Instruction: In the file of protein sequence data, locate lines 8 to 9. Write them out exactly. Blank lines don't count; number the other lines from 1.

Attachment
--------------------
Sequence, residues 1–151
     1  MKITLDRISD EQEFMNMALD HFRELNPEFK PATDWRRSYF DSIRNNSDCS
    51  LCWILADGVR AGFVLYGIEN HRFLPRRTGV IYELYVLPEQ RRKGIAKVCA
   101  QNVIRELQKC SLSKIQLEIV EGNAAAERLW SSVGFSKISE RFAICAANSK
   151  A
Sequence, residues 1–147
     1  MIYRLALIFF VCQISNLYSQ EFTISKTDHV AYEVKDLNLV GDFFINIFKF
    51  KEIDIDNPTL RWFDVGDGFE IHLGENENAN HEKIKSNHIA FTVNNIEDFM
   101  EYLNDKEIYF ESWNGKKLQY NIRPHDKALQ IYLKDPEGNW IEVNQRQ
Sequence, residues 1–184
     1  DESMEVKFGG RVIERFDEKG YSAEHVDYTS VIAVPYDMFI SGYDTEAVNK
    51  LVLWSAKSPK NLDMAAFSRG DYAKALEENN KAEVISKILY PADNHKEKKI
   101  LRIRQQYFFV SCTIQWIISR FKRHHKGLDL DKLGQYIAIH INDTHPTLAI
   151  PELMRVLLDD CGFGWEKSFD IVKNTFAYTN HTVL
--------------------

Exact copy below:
    51  KEIDIDNPTL RWFDVGDGFE IHLGENENAN HEKIKSNHIA FTVNNIEDFM
   101  EYLNDKEIYF ESWNGKKLQY NIRPHDKALQ IYLKDPEGNW IEVNQRQ